Cholla, cholla and more cholla.

Cholla, cholla and more cholla.


Coming into the race, I broke rule #1 of racing: never wear something for the first time on race day. However, I had bought my first pair of Altra shoes the day before with my REI dividends and was excited to try them out. I loved the shoes but by the halfway mark my feet were sore and tired. Nick kindly grabbed my extra, old pair of New Balances from the car and I swapped them at the third aid station. In my rush, I failed to refill my water bladder again and so by mile 24, a mile out from the aid station, I ran out of water. For much of the race, I had been listening to music but it suddenly felt too hot for even ear plugs. I briefly considered power-hiking up the grade, but thought that I might be caught if I slowed down. Once I reached the water station at mile 26, a volunteer doused me in ice-cold water and I chugged five cups of water before heading out. I didn’t feel much better, but the faster I hurried, the sooner I would be finished.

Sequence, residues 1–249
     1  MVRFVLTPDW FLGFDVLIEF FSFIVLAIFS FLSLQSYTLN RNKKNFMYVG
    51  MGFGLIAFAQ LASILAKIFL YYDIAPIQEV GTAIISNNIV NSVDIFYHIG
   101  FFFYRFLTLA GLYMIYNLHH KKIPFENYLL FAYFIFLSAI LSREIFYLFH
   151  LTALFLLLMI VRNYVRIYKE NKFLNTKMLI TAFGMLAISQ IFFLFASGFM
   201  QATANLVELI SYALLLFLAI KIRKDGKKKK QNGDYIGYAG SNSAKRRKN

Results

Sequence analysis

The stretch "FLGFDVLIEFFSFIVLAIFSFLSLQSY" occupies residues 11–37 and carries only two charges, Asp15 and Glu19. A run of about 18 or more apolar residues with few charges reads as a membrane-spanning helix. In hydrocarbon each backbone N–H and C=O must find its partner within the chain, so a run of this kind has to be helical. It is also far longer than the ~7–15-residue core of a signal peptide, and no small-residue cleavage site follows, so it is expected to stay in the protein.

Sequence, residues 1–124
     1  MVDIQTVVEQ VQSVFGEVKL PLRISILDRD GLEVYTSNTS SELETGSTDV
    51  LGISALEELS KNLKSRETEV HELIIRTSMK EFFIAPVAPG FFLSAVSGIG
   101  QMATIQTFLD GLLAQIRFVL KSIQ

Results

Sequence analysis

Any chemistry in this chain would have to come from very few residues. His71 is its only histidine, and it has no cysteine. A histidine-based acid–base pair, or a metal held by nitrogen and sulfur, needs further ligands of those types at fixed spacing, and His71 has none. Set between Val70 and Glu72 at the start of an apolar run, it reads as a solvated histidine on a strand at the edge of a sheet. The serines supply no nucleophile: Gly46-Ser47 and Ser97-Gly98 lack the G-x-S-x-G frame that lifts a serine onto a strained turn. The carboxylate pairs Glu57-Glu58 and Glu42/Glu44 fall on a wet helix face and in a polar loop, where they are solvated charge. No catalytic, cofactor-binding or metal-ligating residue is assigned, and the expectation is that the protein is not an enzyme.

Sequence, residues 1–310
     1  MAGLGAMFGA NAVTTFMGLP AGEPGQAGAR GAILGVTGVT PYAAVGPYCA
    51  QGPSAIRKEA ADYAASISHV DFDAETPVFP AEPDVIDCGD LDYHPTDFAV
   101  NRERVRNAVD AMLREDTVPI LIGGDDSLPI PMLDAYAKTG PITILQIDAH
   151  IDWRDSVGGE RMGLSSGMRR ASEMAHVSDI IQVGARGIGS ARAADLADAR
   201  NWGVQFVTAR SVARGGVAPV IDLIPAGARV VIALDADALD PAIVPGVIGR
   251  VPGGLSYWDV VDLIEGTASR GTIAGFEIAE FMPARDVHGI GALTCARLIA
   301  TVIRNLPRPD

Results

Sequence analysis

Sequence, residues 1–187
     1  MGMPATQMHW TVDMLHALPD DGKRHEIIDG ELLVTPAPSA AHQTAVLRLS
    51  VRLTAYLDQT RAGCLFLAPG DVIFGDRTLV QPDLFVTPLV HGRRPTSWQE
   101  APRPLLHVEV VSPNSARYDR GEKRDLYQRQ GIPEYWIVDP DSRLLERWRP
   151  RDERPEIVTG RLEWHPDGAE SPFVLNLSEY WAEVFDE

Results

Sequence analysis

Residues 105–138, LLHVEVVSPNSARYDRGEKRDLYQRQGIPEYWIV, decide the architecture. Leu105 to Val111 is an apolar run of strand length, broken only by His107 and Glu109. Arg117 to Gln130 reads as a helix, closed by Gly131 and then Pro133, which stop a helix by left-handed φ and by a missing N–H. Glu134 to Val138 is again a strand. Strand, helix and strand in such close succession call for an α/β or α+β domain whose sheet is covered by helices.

Kathy and I running along the sandy wash leaving mile 16

Kathy and I running along the sandy wash leaving mile 16

At mile 28, I saw Nick waiting for me at the final aid station. “I’m going straight through!” I shouted, still convinced that Kathy or Sydney were right behind me. A runner in a red shirt had been ahead of me for much of the race, but I had gained on him in the last mile as I hurried downhill. With a mile-and-a-half to go, I picked up the speed and passed three more runners. As the finish line came into sight, I was still convinced that I would be passed so I sprinted hard, the sign reading 4:40:29 as I crossed the Jubilation Line!

Sprinting to the finish!

Sprinting to the finish!